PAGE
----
P. The stories of Colombia are terrible, but the intimate ones are like those of anywhere. And here’s one. How does what has happened influence your way of seeing life?
R. I have asked myself that question many times because as a Latin American writer I would have to narrate my reality. In Colombia we have this atrocious and bloody violence that I have not known how to narrate in literature; there are Colombian writers who are doing very well. I am narrating the violence in Colombia, but I am not recounting that atrocious one out there. This violence has its origin in inequality. I am narrating inequality, from which all that violence stems. The other violence is that which occurs inside the houses. The one that happens with that girl who is not beaten, but who suffers violence that will determine the person she will be when she grows up. It also happens in The dog. That is where I am narrating Colombia. Many times I have wondered how to narrate this violence from outside. I made a wonderful discovery with The unknown dimension from [la escritora chilena] Nona Fernandez. From the intimate point of view he is telling the outside of a Chilean girl, a Chilean adolescent, a young Chilean mother, which is the point of view that I would use to tell Colombia.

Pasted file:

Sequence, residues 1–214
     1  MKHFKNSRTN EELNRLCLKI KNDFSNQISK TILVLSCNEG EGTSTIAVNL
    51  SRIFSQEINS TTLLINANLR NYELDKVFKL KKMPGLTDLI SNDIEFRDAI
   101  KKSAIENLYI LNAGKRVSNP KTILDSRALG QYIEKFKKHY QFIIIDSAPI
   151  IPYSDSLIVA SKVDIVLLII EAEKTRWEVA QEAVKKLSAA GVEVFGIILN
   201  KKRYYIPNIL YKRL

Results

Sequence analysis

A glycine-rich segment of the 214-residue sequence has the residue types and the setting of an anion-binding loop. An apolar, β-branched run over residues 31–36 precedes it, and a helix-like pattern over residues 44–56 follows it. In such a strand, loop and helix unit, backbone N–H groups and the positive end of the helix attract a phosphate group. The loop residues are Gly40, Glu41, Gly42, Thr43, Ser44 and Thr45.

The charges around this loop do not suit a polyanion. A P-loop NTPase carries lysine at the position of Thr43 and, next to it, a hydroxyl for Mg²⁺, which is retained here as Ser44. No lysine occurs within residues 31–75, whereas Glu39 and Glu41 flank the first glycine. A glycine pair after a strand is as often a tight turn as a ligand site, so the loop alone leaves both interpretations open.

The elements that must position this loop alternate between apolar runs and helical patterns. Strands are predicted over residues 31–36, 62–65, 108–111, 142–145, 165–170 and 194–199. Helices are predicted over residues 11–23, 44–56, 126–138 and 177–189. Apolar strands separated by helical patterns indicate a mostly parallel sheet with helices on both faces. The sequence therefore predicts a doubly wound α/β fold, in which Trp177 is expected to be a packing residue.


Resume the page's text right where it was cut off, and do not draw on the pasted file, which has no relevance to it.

P. That writing is marked by the ellipsis. The Suicide of the Doll has just two lines and marks this novel.
R. A doll dies, nothing serious happened, but it is a very serious event. I have thought that I am still a screenwriter, because what I want to create are images. Or playwright. This is how I understand my literature. I don’t want language to be the protagonist, I want it to be invisible. That doesn’t make it any less elaborate. I obsessively rewrite, so that the language I want is crystalline, that those little ants that are the letters are at the service of history and that reading is like when you go to the cinema and are surrounded by the film and one is not aware that it is a coughing human being. May the reader never see my hand there, may he only see sensations.
A fiction is to raise a world and some characters so that they narrate those deep things of childhood that could not be narrated in any other way
P. Is there something inside you so powerful that you have never been able to write?
R. Before writing it, I didn’t know that this was the novel that I carried inside of me, but I told myself that it was there, inside. In the middle of writing the novel happens and I discover that there it is, it was going to be about Cali, and there is Cali. I would like to make a novel about the end of the world, but I don’t know how to do it. I read books, fictions, everything about the end of the world. I don’t know if one day I’ll be able to do it.
P. Could it be that the end of the world has already come?